of more honor in the State than temperance, or wealth than health and temperance, it will quite clearly be a wrong enactment. Thus the lawgiver must ofttimes put this question to himself— “What is it that I intend?” and, “Am I succeeding in this, or am I wide of the mark?” In this way he might, perhaps, get through the task of legislation himself, and save others the trouble of it; but in no other way could he ever possibly do so. The man who has received an allotment shall hold it, as we say,
on the terms stated. It would indeed have been a splendid thing if each person, on entering the colony, had had all else equal as well. Since this, however, is impossible, and one man will arrive with more money and another with less, it is necessary for many reasons, and for the sake of equaIizing chances in public life, that there should be unequal valuations, in order that offices and contributions may be assigned in accordance with the assessed valuation in each case,—being framed not in proportion only to the moral excellence of a man's ancestors or of himself, nor to his bodily strength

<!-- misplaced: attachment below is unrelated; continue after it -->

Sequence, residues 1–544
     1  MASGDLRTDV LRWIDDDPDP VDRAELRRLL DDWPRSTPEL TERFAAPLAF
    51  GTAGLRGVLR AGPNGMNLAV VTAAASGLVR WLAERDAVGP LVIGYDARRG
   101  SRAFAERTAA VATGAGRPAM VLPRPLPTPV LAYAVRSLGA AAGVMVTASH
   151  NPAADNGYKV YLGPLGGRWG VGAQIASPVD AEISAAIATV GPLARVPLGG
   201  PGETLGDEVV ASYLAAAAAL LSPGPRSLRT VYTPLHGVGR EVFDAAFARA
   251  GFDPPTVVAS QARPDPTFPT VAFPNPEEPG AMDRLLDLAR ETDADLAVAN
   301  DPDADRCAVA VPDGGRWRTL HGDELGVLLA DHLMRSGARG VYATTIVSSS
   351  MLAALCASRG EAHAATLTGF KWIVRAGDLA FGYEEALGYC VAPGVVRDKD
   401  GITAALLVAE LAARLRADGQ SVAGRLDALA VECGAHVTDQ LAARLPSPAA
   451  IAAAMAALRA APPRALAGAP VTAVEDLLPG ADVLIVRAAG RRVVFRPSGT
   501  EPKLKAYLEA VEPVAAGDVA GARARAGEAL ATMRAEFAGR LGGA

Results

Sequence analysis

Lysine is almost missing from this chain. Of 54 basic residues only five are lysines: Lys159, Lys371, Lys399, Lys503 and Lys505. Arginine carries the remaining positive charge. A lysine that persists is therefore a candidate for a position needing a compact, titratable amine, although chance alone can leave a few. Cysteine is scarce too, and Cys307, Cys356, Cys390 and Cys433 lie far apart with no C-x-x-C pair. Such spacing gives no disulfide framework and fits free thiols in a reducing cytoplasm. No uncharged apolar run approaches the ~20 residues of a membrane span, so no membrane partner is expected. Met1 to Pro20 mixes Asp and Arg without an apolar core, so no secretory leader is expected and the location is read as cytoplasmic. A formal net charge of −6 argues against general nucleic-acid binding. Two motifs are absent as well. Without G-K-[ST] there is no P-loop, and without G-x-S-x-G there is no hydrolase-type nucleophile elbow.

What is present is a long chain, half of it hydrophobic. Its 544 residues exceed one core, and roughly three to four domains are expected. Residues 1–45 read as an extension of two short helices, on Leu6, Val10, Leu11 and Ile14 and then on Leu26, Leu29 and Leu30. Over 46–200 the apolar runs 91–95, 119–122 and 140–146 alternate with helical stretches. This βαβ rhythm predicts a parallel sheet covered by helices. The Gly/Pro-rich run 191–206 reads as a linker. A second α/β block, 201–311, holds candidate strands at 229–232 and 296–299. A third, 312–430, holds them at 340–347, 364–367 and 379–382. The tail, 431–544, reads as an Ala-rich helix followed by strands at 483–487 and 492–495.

and comeliness, but in proportion also to his wealth or poverty,—so that by a rule of symmetrical inequality1
they may receive offices and honors as equally as possible, and may have no quarrelling. For these reasons we must make four classes, graded by size of property, and called first, second, third and fourth (or by some other names) , alike when the individuals remain in the same class and when, through a change from poverty to wealth or from wealth to poverty, they pass over each to that class to which he belongs.
The kind of law that I would enact as proper to follow next after the foregoing would be this: It is, as we assert, necessary in a State which is to avoid that greatest of plagues, which is better termed disruption than dissension,2
that none of its citizens should be in a condition of either painful poverty or wealth, since both these conditions produce both these results; consequently the lawgiver must now declare a limit for both these conditions. The limit of poverty shall be the value of the allotment:
this must remain fixed, and its diminution in any particular instance no magistrate should overlook, nor any other citizen who aspires to goodness. And having set this as the (inferior) limit, the lawgiver shall allow a man to possess twice this amount, or three times, or four times. Should anyone acquire more than this—whether by discovery or gift or money-making, or through gaining a sum exceeding